Jim Benson

Jim Benson

My career path has taken me through government agencies, Fortune 10 corporations, and start-ups. Through them all my passion remained consistent – applying new technologies to work groups – in each case asking how they can be leveraged to collaborate and cooperate more effectively. I love ideas, creation, and building opportunities. I love working with teams who are passionate about the future. I love pushing boundaries. I love inclusion. My goal with all technologies is to increase beneficial contact between people and reduce the bureaucratic noise which so often tends to increase costs and destroy creativity.

Personal kanban is an idea that arose from necessity. I began a personal kanban prior to starting Modus Cooperandi, but it didn’t translate as cleanly from the programming and industrial world as I would have liked.  It wasn’t until one day when Corey Ladas and I sat down and really started to talk about the differences between industrial kanban and personal kanban that things really started to gel.

For about a year, Corey and I worked with the personal kanban for Modus. We tweaked it, watched it closely, and discussed what was working and what didn’t work like we expected.

Then in the first half of 2009, I found myself with more commitments than I could process. Multiple companies, projects, and clients were working hard to destroy my personal life. That’s when the differences between personal kanban and industrial kanban began to crystallize. Those differences, coupled with the need to quickly remove a disparate, overwhelming backlog set into effect a series of epiphanies.

These included:

  • Tasks were unruly
  • WIP was harder to manage
  • The only way out is often through (you can’t delegate, procrastinate, or ignore personal work)
  • Personal projects were often short lived, but with definite value streams

The approaches to personal kanban I initially wrote about were all kanban variations I used to get through those frenetic months. While people could hear me screaming from time to time, I burned through an amazing amount of work and – when it was over – I knew exactly what I’d done, how long it took, what held me up and why.

Kanban itself is a time proven process management tool. It is simple to learn the basics and to get started.

After that, the kanban teaches you.

Please join the growing personal kanban community.  See what others are saying about it. Let’s take this meme and run with it.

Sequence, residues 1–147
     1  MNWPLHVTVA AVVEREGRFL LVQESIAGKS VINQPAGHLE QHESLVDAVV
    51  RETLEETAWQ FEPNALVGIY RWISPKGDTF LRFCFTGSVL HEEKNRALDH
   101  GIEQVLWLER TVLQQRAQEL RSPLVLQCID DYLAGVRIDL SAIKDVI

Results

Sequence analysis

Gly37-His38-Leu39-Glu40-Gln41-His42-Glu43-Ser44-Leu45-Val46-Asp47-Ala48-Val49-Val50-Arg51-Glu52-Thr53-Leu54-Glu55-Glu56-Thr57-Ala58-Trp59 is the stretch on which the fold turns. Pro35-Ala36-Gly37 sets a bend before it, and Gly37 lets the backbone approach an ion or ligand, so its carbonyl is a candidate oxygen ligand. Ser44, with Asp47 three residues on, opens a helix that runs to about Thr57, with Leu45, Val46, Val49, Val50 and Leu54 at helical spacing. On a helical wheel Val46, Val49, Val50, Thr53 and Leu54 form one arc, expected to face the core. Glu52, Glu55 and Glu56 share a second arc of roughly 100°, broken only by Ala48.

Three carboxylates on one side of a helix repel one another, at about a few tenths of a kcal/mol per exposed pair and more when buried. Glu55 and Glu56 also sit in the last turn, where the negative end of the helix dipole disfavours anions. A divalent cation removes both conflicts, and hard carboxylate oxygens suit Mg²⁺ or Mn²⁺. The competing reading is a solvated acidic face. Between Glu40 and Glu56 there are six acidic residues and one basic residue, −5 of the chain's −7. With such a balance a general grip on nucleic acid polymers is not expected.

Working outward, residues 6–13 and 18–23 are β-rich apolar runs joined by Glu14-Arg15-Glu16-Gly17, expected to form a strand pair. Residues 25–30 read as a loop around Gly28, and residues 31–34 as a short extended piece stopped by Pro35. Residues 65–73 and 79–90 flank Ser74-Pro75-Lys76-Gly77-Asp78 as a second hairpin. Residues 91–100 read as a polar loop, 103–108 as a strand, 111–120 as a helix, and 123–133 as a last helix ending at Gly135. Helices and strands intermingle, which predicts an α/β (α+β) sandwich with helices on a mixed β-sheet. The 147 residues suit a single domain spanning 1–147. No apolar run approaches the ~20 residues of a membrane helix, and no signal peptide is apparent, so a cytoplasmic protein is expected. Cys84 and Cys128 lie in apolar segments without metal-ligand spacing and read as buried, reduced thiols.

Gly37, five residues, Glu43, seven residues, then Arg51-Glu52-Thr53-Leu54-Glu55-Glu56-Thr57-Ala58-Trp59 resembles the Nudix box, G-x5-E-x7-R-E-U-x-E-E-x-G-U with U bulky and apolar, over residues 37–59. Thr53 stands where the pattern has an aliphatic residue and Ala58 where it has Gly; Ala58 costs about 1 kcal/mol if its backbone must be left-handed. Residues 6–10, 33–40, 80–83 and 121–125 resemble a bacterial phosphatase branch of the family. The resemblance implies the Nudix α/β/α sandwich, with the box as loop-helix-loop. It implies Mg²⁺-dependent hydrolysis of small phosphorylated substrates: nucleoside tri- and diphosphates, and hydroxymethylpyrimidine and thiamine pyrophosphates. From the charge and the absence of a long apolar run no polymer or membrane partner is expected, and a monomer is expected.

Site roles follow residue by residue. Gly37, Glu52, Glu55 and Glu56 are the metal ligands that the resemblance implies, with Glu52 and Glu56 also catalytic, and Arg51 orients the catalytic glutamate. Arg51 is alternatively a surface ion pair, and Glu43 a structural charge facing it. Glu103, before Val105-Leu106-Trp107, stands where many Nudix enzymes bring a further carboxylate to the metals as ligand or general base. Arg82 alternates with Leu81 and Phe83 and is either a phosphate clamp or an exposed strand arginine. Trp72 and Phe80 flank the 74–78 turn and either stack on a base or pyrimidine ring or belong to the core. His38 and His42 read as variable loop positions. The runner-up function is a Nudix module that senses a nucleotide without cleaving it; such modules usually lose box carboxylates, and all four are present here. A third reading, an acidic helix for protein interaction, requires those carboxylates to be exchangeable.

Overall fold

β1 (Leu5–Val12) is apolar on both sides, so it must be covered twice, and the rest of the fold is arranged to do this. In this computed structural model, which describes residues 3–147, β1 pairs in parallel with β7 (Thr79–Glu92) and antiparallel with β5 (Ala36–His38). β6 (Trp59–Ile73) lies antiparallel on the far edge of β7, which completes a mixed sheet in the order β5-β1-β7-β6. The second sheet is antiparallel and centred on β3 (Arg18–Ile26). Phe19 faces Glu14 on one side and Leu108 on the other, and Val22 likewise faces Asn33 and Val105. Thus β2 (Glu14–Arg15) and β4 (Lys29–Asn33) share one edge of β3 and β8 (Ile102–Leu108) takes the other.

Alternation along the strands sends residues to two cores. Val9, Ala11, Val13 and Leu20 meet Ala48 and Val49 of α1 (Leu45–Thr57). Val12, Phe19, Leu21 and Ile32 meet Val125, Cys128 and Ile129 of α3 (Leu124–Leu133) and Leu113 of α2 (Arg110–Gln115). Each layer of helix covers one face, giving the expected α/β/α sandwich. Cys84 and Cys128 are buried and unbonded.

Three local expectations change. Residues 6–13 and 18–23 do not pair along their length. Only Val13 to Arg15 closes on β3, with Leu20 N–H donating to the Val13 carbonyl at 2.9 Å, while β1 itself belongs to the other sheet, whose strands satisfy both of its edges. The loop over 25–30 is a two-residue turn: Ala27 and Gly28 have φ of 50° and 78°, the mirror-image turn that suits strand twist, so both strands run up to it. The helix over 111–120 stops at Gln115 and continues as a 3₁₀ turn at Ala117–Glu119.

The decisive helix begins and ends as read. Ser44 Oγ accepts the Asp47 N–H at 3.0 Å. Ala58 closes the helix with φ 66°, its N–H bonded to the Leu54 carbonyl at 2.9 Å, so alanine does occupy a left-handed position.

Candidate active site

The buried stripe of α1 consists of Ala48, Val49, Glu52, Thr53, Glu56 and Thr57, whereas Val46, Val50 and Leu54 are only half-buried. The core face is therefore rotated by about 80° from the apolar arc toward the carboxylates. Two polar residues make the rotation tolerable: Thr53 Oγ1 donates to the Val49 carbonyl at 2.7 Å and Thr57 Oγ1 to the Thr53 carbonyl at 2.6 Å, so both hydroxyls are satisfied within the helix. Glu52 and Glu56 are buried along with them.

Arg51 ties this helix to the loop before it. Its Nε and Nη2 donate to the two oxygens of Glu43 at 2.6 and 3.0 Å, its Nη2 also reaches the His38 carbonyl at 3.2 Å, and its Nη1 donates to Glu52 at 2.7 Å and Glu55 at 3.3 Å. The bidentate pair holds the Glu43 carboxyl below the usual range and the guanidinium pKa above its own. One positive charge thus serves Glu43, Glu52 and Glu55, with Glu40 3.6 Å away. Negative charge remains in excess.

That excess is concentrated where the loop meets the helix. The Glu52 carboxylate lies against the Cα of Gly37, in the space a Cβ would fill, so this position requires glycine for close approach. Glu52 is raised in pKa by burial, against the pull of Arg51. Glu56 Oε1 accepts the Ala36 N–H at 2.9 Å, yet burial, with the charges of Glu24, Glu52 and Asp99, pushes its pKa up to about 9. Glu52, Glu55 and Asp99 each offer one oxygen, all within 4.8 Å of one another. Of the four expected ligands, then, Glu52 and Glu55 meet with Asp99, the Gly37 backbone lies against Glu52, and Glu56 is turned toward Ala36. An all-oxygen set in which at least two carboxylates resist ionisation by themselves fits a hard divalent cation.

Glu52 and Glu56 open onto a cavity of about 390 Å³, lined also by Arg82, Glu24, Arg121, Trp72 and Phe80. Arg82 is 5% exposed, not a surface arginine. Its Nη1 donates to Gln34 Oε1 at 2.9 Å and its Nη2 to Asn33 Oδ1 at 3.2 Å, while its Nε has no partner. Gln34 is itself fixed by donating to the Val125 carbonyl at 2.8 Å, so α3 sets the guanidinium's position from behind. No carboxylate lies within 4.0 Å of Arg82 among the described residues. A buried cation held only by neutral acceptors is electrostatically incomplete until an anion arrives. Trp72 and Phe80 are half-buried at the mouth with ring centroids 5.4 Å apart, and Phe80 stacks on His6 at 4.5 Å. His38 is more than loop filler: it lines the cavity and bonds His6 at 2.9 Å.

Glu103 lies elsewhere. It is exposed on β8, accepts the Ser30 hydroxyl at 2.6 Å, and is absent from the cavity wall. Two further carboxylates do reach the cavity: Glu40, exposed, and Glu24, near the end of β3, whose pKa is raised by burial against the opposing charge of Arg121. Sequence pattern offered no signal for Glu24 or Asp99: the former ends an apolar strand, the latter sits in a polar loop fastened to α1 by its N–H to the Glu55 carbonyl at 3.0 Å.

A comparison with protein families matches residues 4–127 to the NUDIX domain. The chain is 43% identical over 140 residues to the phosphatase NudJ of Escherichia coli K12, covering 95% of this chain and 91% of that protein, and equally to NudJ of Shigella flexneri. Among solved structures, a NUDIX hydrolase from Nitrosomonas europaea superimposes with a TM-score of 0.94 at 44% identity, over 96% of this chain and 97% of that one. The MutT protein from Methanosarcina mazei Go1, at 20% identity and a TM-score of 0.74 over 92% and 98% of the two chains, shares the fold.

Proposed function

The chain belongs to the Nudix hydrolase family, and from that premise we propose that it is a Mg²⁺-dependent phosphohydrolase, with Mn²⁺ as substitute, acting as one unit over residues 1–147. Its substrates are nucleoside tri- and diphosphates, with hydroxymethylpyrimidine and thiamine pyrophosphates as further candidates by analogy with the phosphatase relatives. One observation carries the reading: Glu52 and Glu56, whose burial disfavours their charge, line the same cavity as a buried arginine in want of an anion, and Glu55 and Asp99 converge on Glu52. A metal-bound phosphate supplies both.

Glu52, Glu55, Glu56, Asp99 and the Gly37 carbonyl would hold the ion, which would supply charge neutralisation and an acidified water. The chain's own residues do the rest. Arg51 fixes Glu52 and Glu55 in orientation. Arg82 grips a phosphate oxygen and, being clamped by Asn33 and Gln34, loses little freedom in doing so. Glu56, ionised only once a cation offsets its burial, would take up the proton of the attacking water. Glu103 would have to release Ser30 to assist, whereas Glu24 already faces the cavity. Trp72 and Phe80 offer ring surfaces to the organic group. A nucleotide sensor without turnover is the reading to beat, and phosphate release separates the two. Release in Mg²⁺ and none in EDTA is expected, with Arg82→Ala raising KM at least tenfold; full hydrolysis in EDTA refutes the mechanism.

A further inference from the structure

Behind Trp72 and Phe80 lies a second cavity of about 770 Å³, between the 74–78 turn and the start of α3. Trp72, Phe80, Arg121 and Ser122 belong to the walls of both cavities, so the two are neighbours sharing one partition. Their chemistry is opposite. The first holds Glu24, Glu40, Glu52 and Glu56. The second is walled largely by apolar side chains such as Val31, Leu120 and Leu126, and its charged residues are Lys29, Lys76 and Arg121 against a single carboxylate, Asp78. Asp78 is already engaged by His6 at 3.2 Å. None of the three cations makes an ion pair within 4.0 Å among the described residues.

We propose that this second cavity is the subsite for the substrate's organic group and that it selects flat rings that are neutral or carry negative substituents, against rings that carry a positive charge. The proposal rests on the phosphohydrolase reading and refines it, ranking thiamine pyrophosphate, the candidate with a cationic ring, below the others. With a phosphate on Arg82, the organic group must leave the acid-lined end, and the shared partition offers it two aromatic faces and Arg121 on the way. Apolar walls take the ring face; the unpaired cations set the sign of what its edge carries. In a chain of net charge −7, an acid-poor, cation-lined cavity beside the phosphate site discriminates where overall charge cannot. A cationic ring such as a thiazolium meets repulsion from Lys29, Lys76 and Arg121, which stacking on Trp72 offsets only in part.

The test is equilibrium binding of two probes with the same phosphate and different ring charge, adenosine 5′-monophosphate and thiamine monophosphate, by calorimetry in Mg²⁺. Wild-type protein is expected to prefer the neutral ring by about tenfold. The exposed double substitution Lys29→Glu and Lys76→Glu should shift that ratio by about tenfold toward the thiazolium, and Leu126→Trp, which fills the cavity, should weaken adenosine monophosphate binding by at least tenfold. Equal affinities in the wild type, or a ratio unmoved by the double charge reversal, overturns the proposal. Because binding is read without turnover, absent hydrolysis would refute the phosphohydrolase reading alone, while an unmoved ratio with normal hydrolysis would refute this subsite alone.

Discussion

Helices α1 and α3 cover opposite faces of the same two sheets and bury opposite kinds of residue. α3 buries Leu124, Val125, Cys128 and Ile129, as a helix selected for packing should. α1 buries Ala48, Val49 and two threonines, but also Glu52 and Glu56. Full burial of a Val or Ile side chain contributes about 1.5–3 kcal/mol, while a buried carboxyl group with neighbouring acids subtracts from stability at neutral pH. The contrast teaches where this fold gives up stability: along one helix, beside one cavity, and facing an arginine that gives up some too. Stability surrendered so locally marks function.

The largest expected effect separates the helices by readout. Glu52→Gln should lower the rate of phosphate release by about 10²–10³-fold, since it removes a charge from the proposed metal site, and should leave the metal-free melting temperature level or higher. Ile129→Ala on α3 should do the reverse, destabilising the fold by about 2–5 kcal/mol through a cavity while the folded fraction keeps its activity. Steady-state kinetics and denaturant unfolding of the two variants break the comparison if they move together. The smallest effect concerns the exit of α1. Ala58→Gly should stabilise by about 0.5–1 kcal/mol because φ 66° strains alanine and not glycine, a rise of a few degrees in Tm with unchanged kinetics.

Retain Jim

I help companies and government agencies of all sizes solve management, innovation and efficiency problems through collaboration.

I am easily reachable at jim@moduscooperandi.com

41 Responses to Jim Benson

  1. Alain says:

    Hi Jim, I just discovered your site and Personal Kanban philosophy; interesting. I’ll try to start applying it.

    Greetings from Brussels

  2. Kim Sharpe says:

    Jim, you gave a great presentation last night at SASQAG. This was the first time I understood Kanban; the goal, process, reexamination, etc. I especially liked the real life experiences in work and other venues. I’m looking forward to adapting Personal Kanban and applying it to home and work.

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  8. Ramesh R says:

    Hi Jim,
    Thanks for the wonderful book. I came to know about your book at one of the Agile2012 conference here in Bangalore, India. I would like to know if you have a low priced edition of your book available in India?

    Ramesh

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  10. I have been a GTD fan for years and have been a heavy to-do list doer. I realized that I was sorely missing the visualization part after reading this book this week-end. I actually blogged my first blog ever yesterday with a successful digitization of Personal Kanban using Fences on my desktop. Thanks!

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  35. Hi Jim,

    Just read your article on How to Apply Kanban thinking at work (wired.co.uk). It’s a great piece, with one exception argument where I disagree. You suggest that ” A physical board is better than an online tool.” but infact, online tools have several advantages some of which are mobility, security (i.e. access control), availability (i.e. backups), traceability (who moved what card) and extensive collaboration possiblities over the net. Not to mention that the new UxDs fully manage to give the user same kinaesthetic feedback when they drag a card to the “done” column.

    I see the benefit of a physical board being “always there” as you cannot minimise it; but in similar fashion, you cannot escape an online board because it keeps alerting you of your outstanding cards through emails, mobile notifications, etc.

    That said, I enjoyed every word of the article.

    FULL DISCLOSURE: I work for a FREE online Kanban board tool ToDo.projectplace.com

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